Manchester United sealed their spot in the knock-outs of the Champions League in style on Wednesday night, with a resounding and clinical 5-0 victory in Germany, away to Bayer Leverkusen.
A game which could easily have been a difficult one for United to get a result from turned into one of their results of the season, thanks in no small part to centre-forward Wayne Rooney.
It was far from a one-man performance, with the likes of Ryan Giggs putting in a stellar performance and Jonny Evans making a fantastic block while the scores were still at 0-0, but it was certainly Rooney who made the telling difference, time and time again, as United put Leverkusen to the sword.
A far cry from the doubts surrounding his future at the start of the season, Rooney is arguably United's form player at the present moment and, restored to a true striker's role in the continued absence of Robin van Persie, he led the line for United with his usual problematic blend of swashbuckling energy and delicate, subtle grace on the ball.
Despite not getting his name on the score-sheet in a 5-0 rout for his team, the No. 10 was central to all of United's best attacking moves and was heavily involved in all of the first four goals.
A quick counter attack saw him pick the ball up on the left flank before putting a dangerous, curling cross toward the back post for Antonio Valencia to prod home the opening goal, before he delivered the free kick which was headed into his own net by Emir Spahic.
Rooney's best chance of finding the net came on 65 minutes, but his scrambled, close-range shot was saved by Bernd Leno—only for Evans to stab home the third goal. Rooney's final telling contribution in the penalty area was a lofted pass over Leno, or perhaps a slightly under-hit shot, which fell invitingly for Chris Smalling to tap home.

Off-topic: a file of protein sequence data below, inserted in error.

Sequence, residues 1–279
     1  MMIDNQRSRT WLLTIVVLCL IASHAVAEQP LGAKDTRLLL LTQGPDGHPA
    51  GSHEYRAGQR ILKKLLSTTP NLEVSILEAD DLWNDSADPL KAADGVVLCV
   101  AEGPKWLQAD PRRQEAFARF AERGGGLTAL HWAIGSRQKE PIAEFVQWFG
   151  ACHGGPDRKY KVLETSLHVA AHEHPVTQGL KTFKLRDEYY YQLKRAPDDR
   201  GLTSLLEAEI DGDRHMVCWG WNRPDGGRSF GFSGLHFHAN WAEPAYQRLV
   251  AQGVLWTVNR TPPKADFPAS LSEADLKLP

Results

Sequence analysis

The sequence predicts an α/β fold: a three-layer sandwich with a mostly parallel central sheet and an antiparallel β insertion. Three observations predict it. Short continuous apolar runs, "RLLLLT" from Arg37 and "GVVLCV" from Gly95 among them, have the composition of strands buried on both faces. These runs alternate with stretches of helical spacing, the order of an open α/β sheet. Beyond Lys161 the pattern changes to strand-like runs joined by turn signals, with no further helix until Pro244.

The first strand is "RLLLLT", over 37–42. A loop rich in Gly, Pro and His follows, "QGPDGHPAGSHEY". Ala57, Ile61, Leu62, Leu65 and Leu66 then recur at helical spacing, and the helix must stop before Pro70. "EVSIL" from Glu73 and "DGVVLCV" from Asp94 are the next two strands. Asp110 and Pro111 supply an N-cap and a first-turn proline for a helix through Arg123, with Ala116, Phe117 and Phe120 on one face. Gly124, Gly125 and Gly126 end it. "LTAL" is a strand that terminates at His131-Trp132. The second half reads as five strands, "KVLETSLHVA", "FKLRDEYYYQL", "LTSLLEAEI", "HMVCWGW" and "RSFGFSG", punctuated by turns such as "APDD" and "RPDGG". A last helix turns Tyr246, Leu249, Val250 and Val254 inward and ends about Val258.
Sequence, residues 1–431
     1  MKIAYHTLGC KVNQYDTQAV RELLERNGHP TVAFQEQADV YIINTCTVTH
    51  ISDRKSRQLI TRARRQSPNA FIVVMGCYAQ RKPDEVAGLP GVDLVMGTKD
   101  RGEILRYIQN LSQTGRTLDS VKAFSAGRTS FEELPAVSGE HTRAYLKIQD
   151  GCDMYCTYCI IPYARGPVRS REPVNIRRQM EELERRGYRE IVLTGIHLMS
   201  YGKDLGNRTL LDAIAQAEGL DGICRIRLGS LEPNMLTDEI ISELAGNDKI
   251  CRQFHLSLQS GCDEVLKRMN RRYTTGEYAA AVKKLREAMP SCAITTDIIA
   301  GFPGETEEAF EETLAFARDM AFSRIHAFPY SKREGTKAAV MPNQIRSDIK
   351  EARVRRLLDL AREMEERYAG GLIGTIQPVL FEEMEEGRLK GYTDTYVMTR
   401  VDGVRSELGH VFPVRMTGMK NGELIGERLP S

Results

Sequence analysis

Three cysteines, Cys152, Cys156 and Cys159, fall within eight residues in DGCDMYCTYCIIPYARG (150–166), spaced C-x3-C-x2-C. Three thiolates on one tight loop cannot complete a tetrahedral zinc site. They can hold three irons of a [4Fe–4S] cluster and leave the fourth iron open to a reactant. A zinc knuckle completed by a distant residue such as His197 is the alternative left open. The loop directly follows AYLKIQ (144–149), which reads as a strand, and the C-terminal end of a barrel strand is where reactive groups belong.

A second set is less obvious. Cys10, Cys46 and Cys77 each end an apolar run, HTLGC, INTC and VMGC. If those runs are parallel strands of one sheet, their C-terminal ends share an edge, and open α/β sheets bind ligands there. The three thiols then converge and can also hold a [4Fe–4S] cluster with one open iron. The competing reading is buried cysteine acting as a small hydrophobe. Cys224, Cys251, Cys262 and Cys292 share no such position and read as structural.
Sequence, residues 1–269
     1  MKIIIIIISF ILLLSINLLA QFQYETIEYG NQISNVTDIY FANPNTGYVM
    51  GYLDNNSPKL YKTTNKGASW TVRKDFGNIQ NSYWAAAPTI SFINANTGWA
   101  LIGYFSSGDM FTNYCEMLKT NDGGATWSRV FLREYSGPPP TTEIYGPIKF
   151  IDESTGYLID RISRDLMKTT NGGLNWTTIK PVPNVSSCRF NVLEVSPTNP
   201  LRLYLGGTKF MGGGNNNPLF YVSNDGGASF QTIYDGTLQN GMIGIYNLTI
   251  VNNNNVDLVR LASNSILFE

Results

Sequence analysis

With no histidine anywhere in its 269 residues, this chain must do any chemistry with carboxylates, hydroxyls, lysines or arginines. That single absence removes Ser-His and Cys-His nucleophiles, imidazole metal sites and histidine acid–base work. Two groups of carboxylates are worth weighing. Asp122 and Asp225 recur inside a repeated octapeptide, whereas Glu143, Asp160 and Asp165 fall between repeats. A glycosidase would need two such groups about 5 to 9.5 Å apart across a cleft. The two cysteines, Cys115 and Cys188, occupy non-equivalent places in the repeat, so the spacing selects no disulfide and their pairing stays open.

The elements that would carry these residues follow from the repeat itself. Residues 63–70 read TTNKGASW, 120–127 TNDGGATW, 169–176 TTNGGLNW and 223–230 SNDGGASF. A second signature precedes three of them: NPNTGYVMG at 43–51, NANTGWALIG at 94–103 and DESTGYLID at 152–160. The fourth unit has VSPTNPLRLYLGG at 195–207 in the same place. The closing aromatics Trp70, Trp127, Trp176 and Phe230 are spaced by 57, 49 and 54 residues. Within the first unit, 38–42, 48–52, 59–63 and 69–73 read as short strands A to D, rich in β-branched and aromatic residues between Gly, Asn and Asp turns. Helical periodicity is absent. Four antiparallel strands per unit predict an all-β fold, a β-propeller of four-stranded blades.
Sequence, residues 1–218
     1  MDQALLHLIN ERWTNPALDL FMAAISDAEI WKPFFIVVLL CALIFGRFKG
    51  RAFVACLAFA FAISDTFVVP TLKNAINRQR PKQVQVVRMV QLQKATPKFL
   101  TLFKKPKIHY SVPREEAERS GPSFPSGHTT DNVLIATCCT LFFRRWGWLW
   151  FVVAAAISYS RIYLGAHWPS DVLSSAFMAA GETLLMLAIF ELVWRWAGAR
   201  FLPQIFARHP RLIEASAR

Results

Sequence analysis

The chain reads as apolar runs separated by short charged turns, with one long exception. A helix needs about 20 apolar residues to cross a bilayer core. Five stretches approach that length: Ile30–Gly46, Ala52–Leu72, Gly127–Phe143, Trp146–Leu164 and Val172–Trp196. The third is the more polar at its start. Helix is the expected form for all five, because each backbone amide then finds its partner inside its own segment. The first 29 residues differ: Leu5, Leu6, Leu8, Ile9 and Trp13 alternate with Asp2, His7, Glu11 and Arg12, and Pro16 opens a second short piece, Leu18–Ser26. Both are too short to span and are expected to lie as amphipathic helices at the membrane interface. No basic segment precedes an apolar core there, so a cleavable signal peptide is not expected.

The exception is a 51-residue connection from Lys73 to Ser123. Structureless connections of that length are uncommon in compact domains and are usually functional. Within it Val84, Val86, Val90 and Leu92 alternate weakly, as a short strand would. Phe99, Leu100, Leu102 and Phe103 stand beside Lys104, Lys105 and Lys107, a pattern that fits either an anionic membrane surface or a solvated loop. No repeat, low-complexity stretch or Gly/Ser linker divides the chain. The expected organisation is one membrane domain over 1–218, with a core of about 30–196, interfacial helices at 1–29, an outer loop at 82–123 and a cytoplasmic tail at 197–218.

Four goals, 4-0, four big Rooney contributions to make the difference.
By the time a killer chance fell to a United centre-forward, Rooney had already been substituted, given a deserved rest toward the end of the game, allowing Nani to run through and finish for 5-0.
Rooney's movement, willingness to work for the team and create space for others is often what makes him such a dangerous player for the opposition to deal with; dropping deep into the midfield line, picking the ball up in his own half, taking dead balls and drifting out to the flanks are all in his repertoire and he utilised that floating nonchalance to great effect in the BayArena.
His heat map shows that he rarely picked up the ball inside the Leverkusen penalty area—yet was still such a huge threat to their defence.
Of course, movement without precision and vision means little, and Rooney's end product was consistently of the highest standard. Indeed, he misplaced just three of his passes all game long, with plenty of those occurring in or penetrating into the final third. Three shots during the game, including his saved effort which Evans finished off, showed that he did his striker's role well too, with a curling effort in the second half, from outside the penalty area, particularly close to giving him the goal he deserved.
United will head through to the knock-out stages in good confidence after going unbeaten, so far, in the group stages. With the likes of Rooney in fine form, they will have every reason to believe they can make a significant impact on the tournament this time around.
- Sports & Recreation
- Manchester United
- Wayne Rooney
- Jonny Evans
- Bayer Leverkusen